The Cralusso Bolo is the one I've used quite a lot. As far as I'm concerned, the shaping of that float does indeed do what it's intended to do, stops the float coming to the inside. It allows you to keep a line, further out than a longer rod might, in a way that isn't possible with traditional floats. However, it suffers from similar issues as the Surf. Striking, retrieving, casting and playing fish can be downright strange. People also assume that they are insensitive. I used the Cralusso Bolos quite a bit on the Trent at one point, with a fair amount of success.

  5. #15

    Default Re: Flat floats.

    Quote Originally Posted by nottskev View Post
    I'd read this somewhere before. Can you tell us a bit more about how a float can be made to go upstream, as that's rather counter-intuitive to say the least.
    I think that's called winding in Kev .

  6. #16
    Join Date
    Jul 2019
    Location
    Isle of Onamower
    Posts
    742

    Default Re: Flat floats.

    Quote Originally Posted by tigger View Post
    I think that's called winding in Kev .
    Nearly rolled off the sofa with that one, brilliant!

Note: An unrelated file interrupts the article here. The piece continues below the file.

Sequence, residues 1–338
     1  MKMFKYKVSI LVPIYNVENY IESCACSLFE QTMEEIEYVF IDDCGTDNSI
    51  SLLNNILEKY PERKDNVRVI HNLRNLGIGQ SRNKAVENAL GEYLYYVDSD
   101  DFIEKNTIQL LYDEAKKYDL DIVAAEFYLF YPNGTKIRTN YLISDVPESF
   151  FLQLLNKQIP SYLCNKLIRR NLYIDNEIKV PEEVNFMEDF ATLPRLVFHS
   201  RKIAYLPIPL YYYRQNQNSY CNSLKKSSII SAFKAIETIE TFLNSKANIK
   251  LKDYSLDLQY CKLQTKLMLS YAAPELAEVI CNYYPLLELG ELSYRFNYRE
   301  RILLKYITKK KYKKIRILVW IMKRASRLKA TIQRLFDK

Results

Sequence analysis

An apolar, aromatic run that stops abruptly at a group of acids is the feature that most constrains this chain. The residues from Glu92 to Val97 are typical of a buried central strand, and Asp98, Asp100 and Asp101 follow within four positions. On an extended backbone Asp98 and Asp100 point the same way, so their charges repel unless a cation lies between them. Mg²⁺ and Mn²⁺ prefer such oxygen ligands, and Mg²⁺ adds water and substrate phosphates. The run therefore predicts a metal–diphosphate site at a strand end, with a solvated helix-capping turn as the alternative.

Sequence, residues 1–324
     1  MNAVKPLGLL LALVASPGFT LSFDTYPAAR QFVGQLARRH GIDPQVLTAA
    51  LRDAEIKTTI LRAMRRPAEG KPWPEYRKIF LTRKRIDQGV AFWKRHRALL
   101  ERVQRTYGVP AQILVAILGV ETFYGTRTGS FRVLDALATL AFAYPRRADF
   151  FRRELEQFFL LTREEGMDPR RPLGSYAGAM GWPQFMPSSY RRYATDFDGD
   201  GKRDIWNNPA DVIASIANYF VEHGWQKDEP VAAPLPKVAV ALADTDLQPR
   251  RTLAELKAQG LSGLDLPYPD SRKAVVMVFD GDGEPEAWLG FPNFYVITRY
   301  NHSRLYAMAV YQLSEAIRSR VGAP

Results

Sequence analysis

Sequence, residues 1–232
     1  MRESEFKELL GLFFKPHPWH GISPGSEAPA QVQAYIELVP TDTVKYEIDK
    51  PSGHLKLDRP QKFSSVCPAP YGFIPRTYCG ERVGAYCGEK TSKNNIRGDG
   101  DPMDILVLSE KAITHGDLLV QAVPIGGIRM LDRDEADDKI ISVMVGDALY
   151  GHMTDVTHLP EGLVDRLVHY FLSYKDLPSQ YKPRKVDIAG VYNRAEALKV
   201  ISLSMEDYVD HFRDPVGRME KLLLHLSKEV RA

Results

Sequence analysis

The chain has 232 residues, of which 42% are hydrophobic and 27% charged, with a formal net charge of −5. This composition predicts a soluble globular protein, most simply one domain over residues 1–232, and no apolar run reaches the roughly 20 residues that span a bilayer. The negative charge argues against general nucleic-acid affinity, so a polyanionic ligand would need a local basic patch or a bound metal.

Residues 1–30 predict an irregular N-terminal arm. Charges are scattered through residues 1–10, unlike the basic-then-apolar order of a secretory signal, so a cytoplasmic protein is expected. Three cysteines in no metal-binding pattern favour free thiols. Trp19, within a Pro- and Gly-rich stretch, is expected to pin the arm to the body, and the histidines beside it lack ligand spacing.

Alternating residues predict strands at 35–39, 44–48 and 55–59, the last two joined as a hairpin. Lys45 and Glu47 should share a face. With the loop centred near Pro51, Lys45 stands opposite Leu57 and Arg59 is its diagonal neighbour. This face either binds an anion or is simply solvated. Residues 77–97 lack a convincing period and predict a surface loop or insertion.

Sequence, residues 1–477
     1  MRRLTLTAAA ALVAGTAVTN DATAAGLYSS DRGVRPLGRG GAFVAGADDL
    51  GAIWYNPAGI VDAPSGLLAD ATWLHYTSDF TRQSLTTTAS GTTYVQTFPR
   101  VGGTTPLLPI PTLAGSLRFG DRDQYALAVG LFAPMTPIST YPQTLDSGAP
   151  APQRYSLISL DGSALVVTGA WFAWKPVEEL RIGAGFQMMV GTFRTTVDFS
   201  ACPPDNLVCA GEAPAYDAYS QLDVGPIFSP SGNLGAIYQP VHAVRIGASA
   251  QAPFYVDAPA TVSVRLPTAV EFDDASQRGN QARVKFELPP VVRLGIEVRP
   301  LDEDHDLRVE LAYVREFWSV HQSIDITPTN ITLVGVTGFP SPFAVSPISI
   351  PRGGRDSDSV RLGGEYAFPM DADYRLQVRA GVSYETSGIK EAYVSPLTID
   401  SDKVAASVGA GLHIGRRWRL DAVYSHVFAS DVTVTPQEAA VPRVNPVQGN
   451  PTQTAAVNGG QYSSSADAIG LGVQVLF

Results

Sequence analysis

Born to mow... Long grass is our enemy!

  7. Default Re: Flat floats.

    Quote Originally Posted by sam vimes View Post
    Kev, I've no idea exactly why you'd wish to do it, just that they can be manipulated in such a manner.
    I don't own one, & have never used one, but I'd place a good bet on the technique of getting it across/upstream being based very heavily on the sailing tactic of tacking - the technique sailors use to push a sail-powered vessel into the wind. Just a guess, but the force to push the float upstream has to come from somewhere, & sailors cracked it centuries ago!

  8. #18
    Join Date
    Jan 2011
    Location
    Devon
    Posts
    532

    Default Re: Flat floats.

    I bought 2 a while back, didn't get any further than than assembling one of them!

  9. #19

    Default Re: Flat floats.

    Quote Originally Posted by bullet View Post
    I bought 2 a while back, didn't get any further than than assembling one of them!
    I got one and got as far as you !
    After i've had a few sessions this year, if that hapens I will make a point of trying it out.

  10. #20

    Default Re: Flat floats.

    A bit of a late addition, but I bumped into this - an Italian demo of the Stonfo winders made especially for flat floats. Always a nice language to hear spoken.